The employee was required to be present at the vulnerable adults’ home overnight and to keep a “listening ear” out, and respond in the case of any emergencies.  The employee did not have any tasks to perform during a sleep-in shift and was positively expected to sleep during this time and had her own bedroom in the house. The need to intervene was real but infrequent (there had been about six occasions in the preceding 16 months when it had arisen). If nothing happened, she would sleep throughout.

The employee was paid an allowance of £29.05 per night for the sleep-in shift. She argued she should have been paid the NMW for all of the hours of her sleep-in shift on the basis that she was on call and therefore working throughout that time.

In the second case, the employee was Mr Shannon, an on-call night care assistant. He provides care for up 16 elderly residents at a registered residential care home from 10pm to 7am. Again, whilst he was able to sleep during those hours, he had to respond to any requests for assistance for which he received free accommodation and set pay per week. His claim was that the sleep-in hours should be counted as salaried hours work for NMW purposes.

Earlier decisions

In the first case, the Tribunal and the EAT held that the employee was actually working throughout the shift and so entitled to be paid the NMW for the entire shift.   However, the Court of Appeal overturned the EAT’s decision. The Court held the employee was only entitled to be paid NMW for the hours they were actually awake and working. In particular the Court took into account the Low Pay Commission’s 1998 report which recommended that sleep-in workers receive an allowance and not the NMW, unless they were awake for the purposes of working.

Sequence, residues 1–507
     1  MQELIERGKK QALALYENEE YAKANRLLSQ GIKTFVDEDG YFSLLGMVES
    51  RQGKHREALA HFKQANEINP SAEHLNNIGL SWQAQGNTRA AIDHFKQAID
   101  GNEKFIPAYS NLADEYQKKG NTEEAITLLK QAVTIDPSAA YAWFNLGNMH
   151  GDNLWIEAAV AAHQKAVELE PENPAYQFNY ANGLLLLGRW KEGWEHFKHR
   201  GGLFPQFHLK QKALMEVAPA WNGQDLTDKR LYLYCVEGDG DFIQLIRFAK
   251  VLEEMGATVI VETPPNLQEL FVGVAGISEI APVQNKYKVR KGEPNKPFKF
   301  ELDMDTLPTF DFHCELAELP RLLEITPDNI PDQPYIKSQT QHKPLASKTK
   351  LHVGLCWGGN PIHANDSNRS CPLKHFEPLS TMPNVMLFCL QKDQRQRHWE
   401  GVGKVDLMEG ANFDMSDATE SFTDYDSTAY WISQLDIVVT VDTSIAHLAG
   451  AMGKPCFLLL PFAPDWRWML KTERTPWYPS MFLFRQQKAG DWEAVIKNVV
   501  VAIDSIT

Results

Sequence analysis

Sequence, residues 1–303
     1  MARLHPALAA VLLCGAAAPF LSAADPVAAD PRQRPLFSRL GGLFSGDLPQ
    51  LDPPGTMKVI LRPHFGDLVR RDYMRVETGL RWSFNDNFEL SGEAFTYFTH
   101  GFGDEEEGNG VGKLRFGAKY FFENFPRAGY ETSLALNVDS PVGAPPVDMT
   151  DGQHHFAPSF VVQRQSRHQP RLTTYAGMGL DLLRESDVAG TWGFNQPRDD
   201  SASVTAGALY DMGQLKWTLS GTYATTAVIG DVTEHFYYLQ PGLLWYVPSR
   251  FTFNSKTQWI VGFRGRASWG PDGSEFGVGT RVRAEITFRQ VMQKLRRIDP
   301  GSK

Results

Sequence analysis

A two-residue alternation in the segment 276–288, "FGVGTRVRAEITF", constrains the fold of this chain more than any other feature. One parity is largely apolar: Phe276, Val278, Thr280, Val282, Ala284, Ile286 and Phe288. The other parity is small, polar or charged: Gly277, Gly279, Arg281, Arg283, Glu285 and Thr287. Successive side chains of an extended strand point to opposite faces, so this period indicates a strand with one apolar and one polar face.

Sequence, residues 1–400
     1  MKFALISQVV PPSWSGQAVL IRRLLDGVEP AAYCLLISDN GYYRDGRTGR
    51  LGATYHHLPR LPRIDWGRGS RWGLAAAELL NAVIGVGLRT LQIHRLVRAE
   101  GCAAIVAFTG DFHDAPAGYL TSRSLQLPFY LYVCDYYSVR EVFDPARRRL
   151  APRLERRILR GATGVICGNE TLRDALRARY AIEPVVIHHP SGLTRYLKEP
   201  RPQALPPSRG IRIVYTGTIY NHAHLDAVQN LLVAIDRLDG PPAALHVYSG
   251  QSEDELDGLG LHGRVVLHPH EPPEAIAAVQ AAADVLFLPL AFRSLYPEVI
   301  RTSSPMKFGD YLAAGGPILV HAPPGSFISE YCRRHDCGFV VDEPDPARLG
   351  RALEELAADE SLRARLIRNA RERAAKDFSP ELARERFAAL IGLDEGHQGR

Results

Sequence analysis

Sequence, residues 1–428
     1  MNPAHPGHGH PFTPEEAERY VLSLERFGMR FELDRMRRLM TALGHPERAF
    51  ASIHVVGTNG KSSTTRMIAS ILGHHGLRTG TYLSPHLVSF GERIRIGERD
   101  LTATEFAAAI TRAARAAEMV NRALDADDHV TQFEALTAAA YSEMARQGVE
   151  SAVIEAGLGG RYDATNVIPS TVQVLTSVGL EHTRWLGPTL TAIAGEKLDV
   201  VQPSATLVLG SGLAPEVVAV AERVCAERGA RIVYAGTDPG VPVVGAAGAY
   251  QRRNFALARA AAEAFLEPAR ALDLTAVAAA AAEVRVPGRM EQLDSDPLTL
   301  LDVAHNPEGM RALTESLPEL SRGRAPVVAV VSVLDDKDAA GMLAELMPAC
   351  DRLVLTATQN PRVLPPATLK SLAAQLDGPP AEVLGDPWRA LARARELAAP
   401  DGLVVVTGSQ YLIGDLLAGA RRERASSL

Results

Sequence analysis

In the second case, the Tribunal, EAT and the Court of Appeal dismissed the employee’s claim.

Supreme Court decision

The Supreme Court unanimously dismissed the appeals and found that the employees were not working during the sleep-in shift but rather “available for work”, and so only entitled to the NMW for hours during which then were awake and working. In reaching this decision, the Supreme Court considered it significant that the law on this had been brought in to implement recommendations of the Low Pay Commission (which had been accepted by the Government), including that: